Thomas More (the Roman Catholic apologist eventually executed by Henry VIII, in his 1529 work Dialogue Concerning Heresies, argues against the principle of sola scriptura, a doctrine which he calls “the foundation and ground of all his [i.e., Martin Luther‘s] great heresies”. Part of his argument focuses on the the religious observance of the first day of the week, which he asserts is grounded only in church tradition, and not written revelation, and therefore must be abandoned by one who holds to sola scriptura. More writes,
Now must he by that means condemn the church of Christ for that they sanctify not the Saturday, which was the sabaoth day institute by God among the Jews, commanding the sabaoth day to be kept holy. And albeit the matter of the precept is moral and the day legal, so that it may be changed, yet will there, I wene, no man think that ever the church would take upon them to change it without special ordinance of God, whereof we find no remembrance at all in holy scripture….Many things are there like, which as holy doctors agree, were taught the apostles by Christ, and the church by the apostles, and so comen down to our days by continual succession from theirs.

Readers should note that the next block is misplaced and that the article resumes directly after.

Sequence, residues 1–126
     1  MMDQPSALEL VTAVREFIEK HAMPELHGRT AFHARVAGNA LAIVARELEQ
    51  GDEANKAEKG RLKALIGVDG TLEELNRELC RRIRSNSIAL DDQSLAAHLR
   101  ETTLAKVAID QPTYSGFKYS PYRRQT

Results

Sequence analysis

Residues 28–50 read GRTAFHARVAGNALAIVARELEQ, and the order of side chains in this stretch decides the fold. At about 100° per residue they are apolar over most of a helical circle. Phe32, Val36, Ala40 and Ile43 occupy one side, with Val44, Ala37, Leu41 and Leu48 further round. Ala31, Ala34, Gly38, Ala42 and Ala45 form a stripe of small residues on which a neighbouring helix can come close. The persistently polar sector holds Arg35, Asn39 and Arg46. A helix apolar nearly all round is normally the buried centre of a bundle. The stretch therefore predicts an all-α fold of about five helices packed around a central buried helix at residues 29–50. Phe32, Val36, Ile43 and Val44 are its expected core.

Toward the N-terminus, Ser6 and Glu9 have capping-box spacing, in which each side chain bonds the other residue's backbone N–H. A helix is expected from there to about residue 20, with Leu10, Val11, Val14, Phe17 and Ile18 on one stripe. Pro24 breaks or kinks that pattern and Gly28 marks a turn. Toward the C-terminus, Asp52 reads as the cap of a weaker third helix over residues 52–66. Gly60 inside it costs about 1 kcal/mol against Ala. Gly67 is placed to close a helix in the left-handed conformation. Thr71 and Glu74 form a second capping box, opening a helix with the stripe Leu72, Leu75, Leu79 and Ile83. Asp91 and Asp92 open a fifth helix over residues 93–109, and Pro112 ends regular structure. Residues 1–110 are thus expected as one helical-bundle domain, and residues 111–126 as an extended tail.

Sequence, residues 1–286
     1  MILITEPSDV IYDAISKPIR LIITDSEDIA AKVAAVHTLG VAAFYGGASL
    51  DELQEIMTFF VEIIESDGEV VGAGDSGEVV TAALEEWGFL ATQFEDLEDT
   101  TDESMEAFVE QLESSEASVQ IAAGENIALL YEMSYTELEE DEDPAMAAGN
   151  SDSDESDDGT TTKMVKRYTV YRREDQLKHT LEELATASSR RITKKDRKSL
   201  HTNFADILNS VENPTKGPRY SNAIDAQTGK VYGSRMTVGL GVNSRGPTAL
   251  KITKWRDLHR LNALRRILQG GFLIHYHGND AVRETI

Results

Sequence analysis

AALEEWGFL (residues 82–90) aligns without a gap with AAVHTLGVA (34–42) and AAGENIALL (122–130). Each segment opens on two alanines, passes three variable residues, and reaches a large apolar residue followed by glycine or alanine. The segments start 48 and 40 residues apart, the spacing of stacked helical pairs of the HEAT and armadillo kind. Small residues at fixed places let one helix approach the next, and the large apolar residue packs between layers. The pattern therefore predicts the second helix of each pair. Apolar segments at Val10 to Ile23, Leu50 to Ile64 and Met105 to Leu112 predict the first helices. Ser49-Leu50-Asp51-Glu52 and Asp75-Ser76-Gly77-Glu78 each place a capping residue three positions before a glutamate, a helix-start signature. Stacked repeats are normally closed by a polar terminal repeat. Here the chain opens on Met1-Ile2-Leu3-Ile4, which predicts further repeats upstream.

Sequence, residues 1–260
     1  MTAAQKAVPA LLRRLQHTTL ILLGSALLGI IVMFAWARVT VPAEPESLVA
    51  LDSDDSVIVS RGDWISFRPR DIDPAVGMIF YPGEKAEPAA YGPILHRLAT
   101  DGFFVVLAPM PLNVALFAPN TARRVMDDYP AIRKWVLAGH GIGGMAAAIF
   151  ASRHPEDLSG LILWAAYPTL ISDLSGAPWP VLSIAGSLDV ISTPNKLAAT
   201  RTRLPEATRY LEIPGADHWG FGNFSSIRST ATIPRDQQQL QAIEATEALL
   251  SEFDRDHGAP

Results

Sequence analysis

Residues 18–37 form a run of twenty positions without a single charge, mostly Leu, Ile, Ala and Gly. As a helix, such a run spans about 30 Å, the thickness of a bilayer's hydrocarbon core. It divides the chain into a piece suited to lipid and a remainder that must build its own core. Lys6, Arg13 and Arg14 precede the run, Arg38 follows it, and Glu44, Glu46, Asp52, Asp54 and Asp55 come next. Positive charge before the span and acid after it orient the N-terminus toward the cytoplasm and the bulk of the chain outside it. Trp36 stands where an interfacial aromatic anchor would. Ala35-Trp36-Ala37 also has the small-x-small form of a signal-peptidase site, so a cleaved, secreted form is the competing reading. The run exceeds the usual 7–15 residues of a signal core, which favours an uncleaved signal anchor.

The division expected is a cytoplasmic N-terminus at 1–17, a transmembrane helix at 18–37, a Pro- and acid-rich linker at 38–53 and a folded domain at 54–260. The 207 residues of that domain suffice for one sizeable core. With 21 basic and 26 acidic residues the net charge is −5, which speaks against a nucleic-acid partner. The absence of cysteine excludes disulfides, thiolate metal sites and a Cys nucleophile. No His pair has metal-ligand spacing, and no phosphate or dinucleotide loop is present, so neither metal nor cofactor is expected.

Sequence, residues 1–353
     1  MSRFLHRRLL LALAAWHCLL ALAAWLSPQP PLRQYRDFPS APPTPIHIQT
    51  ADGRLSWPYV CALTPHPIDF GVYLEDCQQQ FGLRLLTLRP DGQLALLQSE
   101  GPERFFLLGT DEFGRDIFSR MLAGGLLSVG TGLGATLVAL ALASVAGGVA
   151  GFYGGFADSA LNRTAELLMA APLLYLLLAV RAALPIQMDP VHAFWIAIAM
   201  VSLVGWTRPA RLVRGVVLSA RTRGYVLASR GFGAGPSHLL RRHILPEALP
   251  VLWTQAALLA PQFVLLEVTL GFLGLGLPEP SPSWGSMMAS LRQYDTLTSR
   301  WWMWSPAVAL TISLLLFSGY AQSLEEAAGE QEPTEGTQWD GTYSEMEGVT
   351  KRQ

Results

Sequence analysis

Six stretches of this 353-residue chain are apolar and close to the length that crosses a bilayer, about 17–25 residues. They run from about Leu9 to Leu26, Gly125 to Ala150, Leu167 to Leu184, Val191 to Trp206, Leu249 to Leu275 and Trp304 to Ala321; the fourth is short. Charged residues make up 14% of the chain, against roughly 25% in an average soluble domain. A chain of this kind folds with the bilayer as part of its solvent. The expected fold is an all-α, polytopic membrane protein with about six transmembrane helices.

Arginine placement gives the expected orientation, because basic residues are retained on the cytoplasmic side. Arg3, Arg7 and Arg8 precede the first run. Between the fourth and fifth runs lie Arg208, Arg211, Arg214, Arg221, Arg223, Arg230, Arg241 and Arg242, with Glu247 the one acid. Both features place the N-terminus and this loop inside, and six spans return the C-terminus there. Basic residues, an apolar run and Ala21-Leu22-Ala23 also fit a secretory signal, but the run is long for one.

William Tyndale, the first generation English Reformer, Bible translator, and ultimately martyr for Christ, responded to More in his 1531 book, An Answer unto Sir Thomas More’s Dialogue. Regarding the Sabbath-Sunday change, Tyndale does not assert an exegetical argument for the change of day. In fact, he adopts a position so radical it would bar him from ministry and even membership in many modern day “confessional” Reformed congregations. Tyndale writes,
And as for the Saboth, a great matter, we be lords over the Saboth; and may yet change it into the Monday, or any other day, as we see need; or may make every tenth day holy day only, if we see a cause why. We may make two every week, if it were expedient, and one not enough to teach the people. Neither was there any cause to change it from the Saturday, than to put difference between us and the Jews; and lest we should become servants unto the day, after their superstition. Neither needed we any holy day at all, if the people might be taught without it.